All of the turnaround graduates stressed that in order for change to really take hold at a school, administrators have to take the time to get to know the school and faculty before starting new initiatives; and they have to seek input from staff rather than issue decrees.

Be very cautious about implementing major changes before you have the opportunity to assess the culture of the school, warned Borelli-Connor. Teachers need to understand the reasons for change before change is forced upon them. It is imperative that all stakeholders have a voice in the changes that need to be made. It is sometimes more effective to spend the first few months just analyzing the systems that are in place before invoking major changes that could make faculty members defensive.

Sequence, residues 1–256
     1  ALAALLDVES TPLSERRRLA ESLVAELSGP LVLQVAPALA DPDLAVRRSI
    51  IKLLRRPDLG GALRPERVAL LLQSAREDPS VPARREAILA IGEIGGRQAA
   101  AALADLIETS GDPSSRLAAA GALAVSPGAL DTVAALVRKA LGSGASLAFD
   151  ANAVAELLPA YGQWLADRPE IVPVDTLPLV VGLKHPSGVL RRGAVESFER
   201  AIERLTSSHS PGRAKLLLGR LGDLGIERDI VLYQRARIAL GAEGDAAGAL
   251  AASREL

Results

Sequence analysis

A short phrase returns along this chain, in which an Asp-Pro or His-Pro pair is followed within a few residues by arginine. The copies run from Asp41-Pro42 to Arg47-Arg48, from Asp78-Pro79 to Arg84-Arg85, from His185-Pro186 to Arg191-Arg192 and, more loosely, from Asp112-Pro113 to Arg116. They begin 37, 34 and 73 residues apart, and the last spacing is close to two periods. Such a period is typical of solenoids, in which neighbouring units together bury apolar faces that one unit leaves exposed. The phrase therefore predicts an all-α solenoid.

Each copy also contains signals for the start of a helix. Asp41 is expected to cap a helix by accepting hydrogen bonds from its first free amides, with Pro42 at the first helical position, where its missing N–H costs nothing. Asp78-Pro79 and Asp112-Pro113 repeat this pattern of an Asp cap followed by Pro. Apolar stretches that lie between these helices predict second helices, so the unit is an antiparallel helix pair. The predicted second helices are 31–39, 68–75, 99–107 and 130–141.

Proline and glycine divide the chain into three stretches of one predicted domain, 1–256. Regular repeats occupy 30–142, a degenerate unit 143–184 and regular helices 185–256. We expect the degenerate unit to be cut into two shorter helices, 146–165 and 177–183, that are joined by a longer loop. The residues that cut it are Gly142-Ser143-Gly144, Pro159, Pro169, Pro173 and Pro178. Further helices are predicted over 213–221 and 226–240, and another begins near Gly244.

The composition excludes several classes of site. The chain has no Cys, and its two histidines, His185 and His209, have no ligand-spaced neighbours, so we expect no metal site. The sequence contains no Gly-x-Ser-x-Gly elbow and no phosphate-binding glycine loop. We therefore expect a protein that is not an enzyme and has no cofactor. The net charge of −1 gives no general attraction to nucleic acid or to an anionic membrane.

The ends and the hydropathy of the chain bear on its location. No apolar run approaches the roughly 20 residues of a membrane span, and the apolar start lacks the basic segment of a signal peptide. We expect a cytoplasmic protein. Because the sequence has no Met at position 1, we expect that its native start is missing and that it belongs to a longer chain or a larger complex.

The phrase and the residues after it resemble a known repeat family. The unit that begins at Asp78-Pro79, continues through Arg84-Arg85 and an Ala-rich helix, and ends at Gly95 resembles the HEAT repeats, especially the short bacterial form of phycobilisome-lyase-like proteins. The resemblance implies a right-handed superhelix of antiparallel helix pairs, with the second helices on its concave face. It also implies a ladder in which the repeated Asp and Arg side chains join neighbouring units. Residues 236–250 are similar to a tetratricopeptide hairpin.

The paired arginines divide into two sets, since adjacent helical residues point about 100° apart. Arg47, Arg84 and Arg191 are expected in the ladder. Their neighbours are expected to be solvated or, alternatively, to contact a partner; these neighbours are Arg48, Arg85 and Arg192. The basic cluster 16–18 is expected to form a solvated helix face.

Guirlando saw first-hand how issuing edicts to staff doesnt always work. The previous administrator called a faculty meeting and told the staff that the school board was purchasing the Ventures program and that all RJHS teachers would implement it, he told Education World. Teachers resented being told what they had to do without the courtesy of having any input.

In contrast to him, once I had seen the teaming process in action in south Louisiana, I arranged for our whole staff to travel to [a school in] Dry Prong, Louisiana, to watch the teaming process in action. After we spent the day at Dry Prong, we came back to RJHS to discuss what we saw and voted on whether or not to implement teaming at RJHS for the next school year. The staff voted yes and it was the best decision that we could have ever made.